How to Thank a Teacher in the Digital Age

Thirty years ago I was a math student in the classroom of Mr. Roger Cappucci at Scarsdale High School, in Scarsdale, New York. I adored Mr. Cappucci's teaching style. He's a teacher with a sparkle in his eyes. He's friendly, funny, smart, and exuberant, and he holds his students to high standards. He's been teaching high school math since 1957, and he's back teaching again this year – his 52nd year of teaching.

One of the things I remember best about Mr. Cappucci is that he takes a personal interest in every student. Right in the middle of math class he would turn to me and ask, “Phil, there's a cross country meet this afternoon. How do you think our school's team is going to do?” I loved running cross country and it meant the world to me that my math teacher knew that. He could tell you which students in the class were artists, which were football players, which were gymnasts. He cared about us as people, not just as students: The hallmark of an outstanding teacher.

Five years ago I decided I needed to track him down to thank him. I've earned a living as a teacher for most of my adult life. I was thrilled to discover that he was still teaching. A considerate teacher at the school passed along his e-mail address to me.

There's lots of ways to thank a teacher. You could write a letter or make a phone call. Neither of those worked for me. Mr. Cappucci changed my life. I couldn't describe that well enough in a letter. And a phone call could be intrusive. He has taught thousands of students over the years. The last thing he needs is a constant barrage of phone calls thanking him.

So I decided to make a 15-minute Web video to describe how and why his teaching style worked so well for me. This video was created for an audience of one. Anyone else could view it, but I created it specifically for Mr. Cappucci to view. I uploaded this video to the Internet Archive, which provides free, unlimited hosting for videos.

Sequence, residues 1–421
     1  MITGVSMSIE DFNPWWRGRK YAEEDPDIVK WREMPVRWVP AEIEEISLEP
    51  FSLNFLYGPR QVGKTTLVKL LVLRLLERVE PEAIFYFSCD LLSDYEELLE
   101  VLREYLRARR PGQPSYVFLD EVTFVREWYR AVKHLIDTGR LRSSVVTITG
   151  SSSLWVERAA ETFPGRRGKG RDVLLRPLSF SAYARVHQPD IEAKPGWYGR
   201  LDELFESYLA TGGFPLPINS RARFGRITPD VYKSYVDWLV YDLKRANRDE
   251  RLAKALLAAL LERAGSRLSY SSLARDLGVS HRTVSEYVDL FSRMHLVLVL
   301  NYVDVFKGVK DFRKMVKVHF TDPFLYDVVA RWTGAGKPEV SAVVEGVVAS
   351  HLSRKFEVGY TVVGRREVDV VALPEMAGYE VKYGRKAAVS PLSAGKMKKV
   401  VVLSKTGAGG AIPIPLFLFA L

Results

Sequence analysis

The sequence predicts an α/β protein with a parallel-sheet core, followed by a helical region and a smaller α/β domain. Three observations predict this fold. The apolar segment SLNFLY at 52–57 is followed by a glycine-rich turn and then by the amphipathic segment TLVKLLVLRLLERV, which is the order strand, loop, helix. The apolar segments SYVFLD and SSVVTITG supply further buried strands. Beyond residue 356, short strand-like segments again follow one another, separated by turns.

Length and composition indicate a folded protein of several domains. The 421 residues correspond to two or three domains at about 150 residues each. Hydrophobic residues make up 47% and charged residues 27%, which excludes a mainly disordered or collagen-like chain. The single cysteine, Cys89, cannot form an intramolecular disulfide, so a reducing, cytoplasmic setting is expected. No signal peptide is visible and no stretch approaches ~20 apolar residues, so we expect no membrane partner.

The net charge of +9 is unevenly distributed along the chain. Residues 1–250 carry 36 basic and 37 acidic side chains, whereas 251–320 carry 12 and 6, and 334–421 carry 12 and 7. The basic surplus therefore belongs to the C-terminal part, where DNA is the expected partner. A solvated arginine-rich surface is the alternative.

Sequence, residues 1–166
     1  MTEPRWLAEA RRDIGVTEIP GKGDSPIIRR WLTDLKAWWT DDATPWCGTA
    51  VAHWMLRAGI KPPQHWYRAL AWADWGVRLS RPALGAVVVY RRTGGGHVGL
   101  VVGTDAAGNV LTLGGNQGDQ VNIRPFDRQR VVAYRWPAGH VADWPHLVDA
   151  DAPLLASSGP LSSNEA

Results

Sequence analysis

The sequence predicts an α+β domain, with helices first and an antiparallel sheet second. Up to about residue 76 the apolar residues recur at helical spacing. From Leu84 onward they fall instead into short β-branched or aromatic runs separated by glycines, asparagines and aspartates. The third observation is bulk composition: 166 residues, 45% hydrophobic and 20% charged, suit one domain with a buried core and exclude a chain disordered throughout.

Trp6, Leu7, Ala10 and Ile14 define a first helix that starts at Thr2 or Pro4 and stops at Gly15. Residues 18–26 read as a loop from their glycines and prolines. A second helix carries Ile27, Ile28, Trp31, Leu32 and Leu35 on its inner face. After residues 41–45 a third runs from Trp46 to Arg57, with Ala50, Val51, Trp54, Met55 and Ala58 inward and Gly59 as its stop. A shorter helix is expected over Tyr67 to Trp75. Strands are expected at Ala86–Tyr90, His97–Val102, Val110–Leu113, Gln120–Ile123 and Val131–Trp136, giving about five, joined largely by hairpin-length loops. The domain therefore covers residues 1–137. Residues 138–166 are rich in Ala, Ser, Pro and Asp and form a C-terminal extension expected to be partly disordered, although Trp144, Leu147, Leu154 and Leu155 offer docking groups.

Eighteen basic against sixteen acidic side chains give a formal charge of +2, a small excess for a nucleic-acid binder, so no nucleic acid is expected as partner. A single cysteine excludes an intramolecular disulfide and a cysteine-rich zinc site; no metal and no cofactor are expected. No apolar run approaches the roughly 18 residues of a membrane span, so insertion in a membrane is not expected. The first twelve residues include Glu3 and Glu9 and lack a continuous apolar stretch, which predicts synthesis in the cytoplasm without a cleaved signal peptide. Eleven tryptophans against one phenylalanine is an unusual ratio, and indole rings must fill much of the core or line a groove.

I sent Mr Cappucci an e-mail with the link to this video. He watched the video via cable modem in his apartment. I know I had done my duty as a student when he sent me a short e-mail saying thanks.

The story doesn't end there, though. Last year I received an e-mail from the Internet Archive that someone had posted a comment about this video. That's strange. In my experience, very few people leave comments about videos on the Internet Archive. The short, supportive comment was from someone named Brewster, who also had Mr. Cappucci as a math teacher.

Wait a second. Brewster Kahle is the founder of the Internet Archive. Could he possibly have attended the same high school I attended? Apparently so. The high school was a pretty large one. A quick Google search confirmed that Brewster graduated one year ahead of me at Scarsdale High School. Come to think of it, I might have been on the same indoor track team – or cross country team – as Brewster. Small world.

Last year I started teaching a graduate class in educational technology at American University, in Washington, DC. As I stood in front of my students listening to myself teach, I heard not my own voice teaching – I heard Mr. Cappucci's voice teaching. His mind – the mind of an exemplary teacher – had entered my own mind. With hardly any effort I summoned it up and added just a touch of my own teaching style.

After my first day of teaching college I sent Mr. Cappucci a short e-mail to let him know that another one of his students had become a college professor. If a teacher has changed your life, you have got to let them know. You've got to try hunt them down. You won't always find that teacher still alive, but when you do, you can say the most powerful words any human being can say. You can say, “Thank you.” And in the digital age, you can choose to say thank you via audio or video on the Web. It's the right thing to do and you'll enjoy the process of doing it.

For those who might be interested, here is the 15-minute tribute video I made about Mr. Cappucci (QuickTime format - Internet Archive) -- and a shortened version I uploaded to YouTube.

And here is an Ogg version of this same video on the Internet Archive.

Phil Shapiro

(The blogger works as the public geek at the Takoma Park Maryland Library and is an Adjunct Professor of education at American University, in Washington DC. He can be reached at philshapiroblogger@gmail.com or via Twitter at http://www.twitter.com/philshapiro)

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